The Queen of Soul passed away earlier this year at 76 after a two-year battle with pancreatic cancer. The music icon died without a will, which creates uncertainty about her estate. There are no directions for handling her considerable assets–an estimated $80 million.
Michigan law dictates dividing the estate equally among Franklin’s four sons. However, extended relatives have already challenged this process. Her niece has filed to become the executor of Aretha’s entire estate, which will undoubtedly be challenged by other family members.
These legal battles can take months or years to resolve. They add even more stress to an already difficult time for family and friends of the great singer.
Artists tend to have complicated finances, and Aretha Franklin was no different. She likely had a variety of assets, including song licenses and royalty agreements. On top of those, there are the standard collection of investments and property.
Someone must now evaluate these assets to determine their worth. Then a judge will decide who has the most claim to them. It isn’t the tribute Aretha deserves. Unfortunately, estate arguments are common after someone passes away without any directive.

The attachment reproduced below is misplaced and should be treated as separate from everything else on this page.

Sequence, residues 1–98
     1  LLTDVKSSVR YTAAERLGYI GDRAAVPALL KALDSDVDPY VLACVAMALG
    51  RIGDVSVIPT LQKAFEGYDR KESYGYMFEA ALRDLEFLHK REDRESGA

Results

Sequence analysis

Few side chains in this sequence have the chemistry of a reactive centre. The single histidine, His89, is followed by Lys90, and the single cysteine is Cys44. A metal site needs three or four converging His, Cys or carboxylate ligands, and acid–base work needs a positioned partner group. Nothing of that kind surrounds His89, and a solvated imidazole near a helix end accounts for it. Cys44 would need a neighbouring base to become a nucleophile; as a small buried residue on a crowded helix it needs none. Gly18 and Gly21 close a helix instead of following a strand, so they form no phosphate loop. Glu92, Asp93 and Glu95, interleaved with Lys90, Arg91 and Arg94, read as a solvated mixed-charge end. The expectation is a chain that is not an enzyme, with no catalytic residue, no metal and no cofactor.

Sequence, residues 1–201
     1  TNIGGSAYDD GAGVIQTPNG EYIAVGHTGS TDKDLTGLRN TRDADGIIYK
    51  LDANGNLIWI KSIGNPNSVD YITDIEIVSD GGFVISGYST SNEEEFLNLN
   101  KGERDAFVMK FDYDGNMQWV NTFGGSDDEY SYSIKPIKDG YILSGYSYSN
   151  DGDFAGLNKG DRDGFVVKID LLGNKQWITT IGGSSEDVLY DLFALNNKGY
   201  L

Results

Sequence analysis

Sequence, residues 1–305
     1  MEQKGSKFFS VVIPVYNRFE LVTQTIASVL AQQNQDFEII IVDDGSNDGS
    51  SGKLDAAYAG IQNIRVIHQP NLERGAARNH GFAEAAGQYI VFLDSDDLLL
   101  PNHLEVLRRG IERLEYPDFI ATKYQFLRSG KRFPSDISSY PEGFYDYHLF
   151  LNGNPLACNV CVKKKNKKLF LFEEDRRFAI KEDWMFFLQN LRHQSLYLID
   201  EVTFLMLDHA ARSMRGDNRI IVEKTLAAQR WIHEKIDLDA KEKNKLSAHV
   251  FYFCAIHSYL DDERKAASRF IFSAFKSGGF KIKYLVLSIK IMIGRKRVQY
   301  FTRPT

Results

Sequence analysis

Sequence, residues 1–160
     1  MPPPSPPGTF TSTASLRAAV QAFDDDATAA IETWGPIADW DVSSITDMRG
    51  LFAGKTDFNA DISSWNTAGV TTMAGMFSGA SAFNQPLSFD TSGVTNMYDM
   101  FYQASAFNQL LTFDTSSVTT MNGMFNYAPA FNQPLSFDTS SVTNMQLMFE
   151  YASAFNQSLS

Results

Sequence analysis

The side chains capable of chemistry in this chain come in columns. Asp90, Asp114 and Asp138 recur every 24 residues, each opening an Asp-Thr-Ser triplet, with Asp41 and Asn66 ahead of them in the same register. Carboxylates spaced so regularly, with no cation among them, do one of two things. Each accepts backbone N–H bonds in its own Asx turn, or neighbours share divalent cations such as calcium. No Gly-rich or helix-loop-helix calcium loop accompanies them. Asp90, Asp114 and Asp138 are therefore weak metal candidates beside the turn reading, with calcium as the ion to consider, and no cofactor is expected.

Franklin could have saved her family a lot of time and money if she had her wishes documented with a trust or a will, but sadly that was not the case. Those closest to the Queen of Soul must now fight over her property.
Few people will achieve what Aretha Franklin did in her life, but everyone can learn from her passing. Estate planning eliminates uncertainty when we die. Clear directions mean family doesn’t have to wonder about our intentions. This saves loved ones a lot of frustration and uncertainty.
If you’re curious about the process of creating a will or the options that are available to musicians and performers, an attorney familiar with Tennessee’s estate planning laws can help.